The hottest race over the next month in the GOP nomination fight won’t be between the two candidates leading in the polls, former Massachusetts Gov. Mitt Romney and businessman Herman Cain. 

Instead, it will be between the third- and fourth-place candidates — former Speaker of the House Newt Gingrich (Ga.) and Texas Gov. Rick Perry.


With Cain facing a series of harassment allegations, a lack of campaign organization in the early voting states and questions about his readiness for the job, political observers expect another candidate to emerge as Romney’s rival.

Gingrich and Perry are the most obvious applicants for that role. Rep. Ron Paul’s (Texas) unpopularity with mainstream Republicans makes him unlikely to win, and Gingrich and Perry triple or quadruple everyone else in polling.

But as close as they are in polls, they bring dramatically different strengths.

So who’s got the upper hand in the race to become Romney’s rival? Let’s break it down:


Perry is the easy winner here. 

In third-quarter fundraising, he raised $17.2 million and had $15.1 million cash on hand. That means he can throw a lot of money into critical early-primary states — and he’s already started doing so. Last week, he began running radio and TV ads in New Hampshire; he’s also on the Iowa airwaves, and a pro-Perry super-PAC went up with ads supporting him in South Carolina and Iowa. 

Meanwhile, Gingrich only raised about $800,000 in the third quarter, and had about $353,000 cash on hand. Needless to say, he’s not running any ads in any state at this time. Having said that, Gingrich told reporters in late October that he raised more in that month than in the entire third quarter, and last week, he claimed that the pace had even quickened.

But even in the face of Gingrich’s strong turn, Perry still has a bigger war chest and a greater capacity for traditional fundraising.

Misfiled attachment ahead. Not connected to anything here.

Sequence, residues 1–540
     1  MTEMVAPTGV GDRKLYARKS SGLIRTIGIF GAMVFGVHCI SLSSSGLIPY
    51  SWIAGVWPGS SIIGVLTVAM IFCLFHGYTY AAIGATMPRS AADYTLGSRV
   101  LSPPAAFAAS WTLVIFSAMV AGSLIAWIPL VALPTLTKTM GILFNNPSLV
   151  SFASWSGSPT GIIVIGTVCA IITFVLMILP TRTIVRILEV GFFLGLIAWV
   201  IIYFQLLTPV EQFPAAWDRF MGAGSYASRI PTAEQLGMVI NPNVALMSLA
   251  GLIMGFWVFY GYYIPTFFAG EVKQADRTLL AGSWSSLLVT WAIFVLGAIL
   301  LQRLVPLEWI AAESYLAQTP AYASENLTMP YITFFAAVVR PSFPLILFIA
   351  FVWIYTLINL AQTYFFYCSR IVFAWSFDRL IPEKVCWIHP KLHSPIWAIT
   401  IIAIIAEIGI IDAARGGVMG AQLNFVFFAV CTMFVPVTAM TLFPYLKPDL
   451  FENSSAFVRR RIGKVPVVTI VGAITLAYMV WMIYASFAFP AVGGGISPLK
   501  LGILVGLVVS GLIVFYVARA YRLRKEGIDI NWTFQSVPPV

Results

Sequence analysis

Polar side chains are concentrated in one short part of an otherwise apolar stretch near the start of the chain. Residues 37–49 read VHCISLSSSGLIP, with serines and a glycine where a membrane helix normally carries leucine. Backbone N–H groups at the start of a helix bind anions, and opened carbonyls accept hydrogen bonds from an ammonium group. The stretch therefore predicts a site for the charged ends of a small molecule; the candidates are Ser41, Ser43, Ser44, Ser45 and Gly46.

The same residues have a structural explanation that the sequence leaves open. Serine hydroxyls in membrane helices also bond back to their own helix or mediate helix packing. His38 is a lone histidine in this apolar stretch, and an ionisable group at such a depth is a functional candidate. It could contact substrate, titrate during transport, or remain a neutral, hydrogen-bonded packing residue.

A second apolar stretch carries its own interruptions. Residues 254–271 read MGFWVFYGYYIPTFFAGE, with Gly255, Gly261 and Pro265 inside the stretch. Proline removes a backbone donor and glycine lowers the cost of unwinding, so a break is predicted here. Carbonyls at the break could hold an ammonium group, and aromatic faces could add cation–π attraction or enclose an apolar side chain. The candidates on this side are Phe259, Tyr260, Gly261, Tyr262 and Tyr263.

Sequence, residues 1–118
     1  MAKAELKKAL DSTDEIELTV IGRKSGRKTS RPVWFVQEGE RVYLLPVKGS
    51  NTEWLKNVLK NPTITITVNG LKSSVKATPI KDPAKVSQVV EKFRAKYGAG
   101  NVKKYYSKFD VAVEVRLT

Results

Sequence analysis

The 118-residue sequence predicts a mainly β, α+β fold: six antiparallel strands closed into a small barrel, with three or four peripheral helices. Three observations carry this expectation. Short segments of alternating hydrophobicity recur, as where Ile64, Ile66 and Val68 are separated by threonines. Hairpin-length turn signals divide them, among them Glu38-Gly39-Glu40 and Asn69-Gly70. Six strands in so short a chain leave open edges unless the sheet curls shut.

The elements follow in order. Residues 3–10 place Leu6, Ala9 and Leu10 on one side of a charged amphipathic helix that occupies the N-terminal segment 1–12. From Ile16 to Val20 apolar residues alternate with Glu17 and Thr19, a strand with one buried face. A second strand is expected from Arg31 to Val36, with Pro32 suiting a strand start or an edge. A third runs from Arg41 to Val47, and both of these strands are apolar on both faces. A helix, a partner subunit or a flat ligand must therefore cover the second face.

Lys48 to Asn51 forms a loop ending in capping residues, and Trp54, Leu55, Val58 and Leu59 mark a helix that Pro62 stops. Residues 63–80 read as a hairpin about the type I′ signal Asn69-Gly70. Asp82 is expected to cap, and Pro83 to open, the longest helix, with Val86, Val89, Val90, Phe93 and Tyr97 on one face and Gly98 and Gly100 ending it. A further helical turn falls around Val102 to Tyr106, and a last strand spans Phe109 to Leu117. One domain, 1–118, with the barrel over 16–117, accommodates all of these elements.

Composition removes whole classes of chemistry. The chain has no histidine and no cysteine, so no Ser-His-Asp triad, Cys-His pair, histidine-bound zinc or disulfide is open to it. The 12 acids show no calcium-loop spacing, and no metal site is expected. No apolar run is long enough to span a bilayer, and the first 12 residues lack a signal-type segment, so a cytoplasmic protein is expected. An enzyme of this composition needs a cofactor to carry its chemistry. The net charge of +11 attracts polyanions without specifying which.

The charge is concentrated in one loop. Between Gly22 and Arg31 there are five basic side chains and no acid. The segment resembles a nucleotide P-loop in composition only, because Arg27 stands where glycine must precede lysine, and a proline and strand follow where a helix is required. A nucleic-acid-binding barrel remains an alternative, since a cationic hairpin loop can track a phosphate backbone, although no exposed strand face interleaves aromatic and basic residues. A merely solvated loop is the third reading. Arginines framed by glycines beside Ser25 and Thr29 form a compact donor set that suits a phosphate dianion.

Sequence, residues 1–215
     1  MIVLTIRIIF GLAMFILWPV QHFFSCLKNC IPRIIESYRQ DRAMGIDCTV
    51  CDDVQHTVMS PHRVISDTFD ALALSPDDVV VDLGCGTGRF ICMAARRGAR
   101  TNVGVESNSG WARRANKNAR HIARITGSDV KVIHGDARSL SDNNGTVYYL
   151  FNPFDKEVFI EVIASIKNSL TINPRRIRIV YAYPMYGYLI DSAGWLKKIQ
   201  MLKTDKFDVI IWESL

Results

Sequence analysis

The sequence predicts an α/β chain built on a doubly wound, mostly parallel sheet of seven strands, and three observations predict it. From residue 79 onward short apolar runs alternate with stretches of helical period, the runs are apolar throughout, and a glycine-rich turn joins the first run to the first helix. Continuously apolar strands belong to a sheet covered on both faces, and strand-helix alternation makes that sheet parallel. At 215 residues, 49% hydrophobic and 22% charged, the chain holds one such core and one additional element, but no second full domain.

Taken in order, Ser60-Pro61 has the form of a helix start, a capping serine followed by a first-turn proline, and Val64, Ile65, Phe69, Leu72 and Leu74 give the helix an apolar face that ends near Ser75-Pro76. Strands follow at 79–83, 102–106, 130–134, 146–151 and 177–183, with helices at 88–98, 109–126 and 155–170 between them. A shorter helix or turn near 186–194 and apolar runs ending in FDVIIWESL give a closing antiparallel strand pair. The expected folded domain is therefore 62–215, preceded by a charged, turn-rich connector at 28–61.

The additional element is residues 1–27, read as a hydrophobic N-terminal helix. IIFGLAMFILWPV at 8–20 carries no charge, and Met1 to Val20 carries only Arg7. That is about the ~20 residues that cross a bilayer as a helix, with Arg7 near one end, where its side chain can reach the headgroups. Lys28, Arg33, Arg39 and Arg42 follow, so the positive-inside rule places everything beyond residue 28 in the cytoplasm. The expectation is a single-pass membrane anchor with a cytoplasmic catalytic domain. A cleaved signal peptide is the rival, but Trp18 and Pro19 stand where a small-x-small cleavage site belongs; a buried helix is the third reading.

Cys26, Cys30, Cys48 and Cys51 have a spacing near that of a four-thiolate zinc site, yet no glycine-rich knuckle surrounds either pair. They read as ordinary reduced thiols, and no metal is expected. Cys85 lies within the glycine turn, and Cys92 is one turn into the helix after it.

Gingrich is the easy winner here. 

His rise has been fueled by his debate performances; Perry’s fall has been fueled by his. In a way, they’re the exact inverse of each other. Last month, the Perry campaign floated the idea of skipping some debates, whereas Gingrich seeks them out. He had a weekend battle with Cain in a modified Lincoln-Douglas debate, and has promised that he’d challenge President Obama to seven three-hour debates if he becomes the nominee.

In short, Gingrich has a huge edge here, and he knows it. The question is whether it’s enough to blunt Perry’s financial superiority. In debates, Gingrich can reach millions of viewers and conservative opinion-makers nationwide without any cost and without much effort. Perry, meanwhile, can spend his cash on targeted ads, aimed at critical, early-state voters. 


If Cain does indeed fall, Gingrich and Perry are the closest ideological kin to whom Cain supporters might defect. That means their records on issues near and dear to the Tea Party movement are most salient for winning the right to face Romney.

On that score, it’s a wash. Perry’s incurred significant anger for supporting in-state college tuition for some illegal immigrants in Texas, as well as for sanctioning the controversial HPV vaccine for girls in 2007.

But Gingrich has woes as well. He once talked fondly of an individual mandate on health insurance, famously cut a commercial with Democratic leader Nancy Pelosi on global warming and has endorsed a number of candidates who are famously distasteful to the Tea Party. 

The take-away is that both candidates fell from their early heights, in part because their supporters felt they weren’t ideologically pure enough, so it’s difficult to know which of the two they’d prefer. But there are clues in a new Washington Post/ABC poll, in which Gingrich nearly doubled Perry’s performance on the question “Who best reflects the core values of the Republican Party?” and edged out Perry on “Who is the closest to you on the issues?”

Advantage: Gingrich.


But if Gingrich takes two of the first three categories, he loses rather badly on the fourth. Perry has been married to his childhood sweetheart for almost 30 years. Gingrich is on his third marriage and has admitted to infidelity in his previous two. 

And, yes, Perry is known for being fairly brash, but Gingrich has a famously self-destructive streak and a discipline problem that’s imperiled him throughout his career. Gingrich also last held elected office more than a decade ago, while Perry has been an executive of one of the most successful states over the past decade.

Here again, the new Washington Post/ABC poll is enormously useful. Perry trounces Gingrich on whom Republicans think is most electable, doubling the former Speaker’s support.


Gingrich takes two categories and Perry takes two, which means the field couldn’t be more level for these two in the next few months. They’ll be fighting — and we’ll be watching. 

Heinze, the founder of, is a staff member at The Hill. Find his column, GOP Presidential Primary, on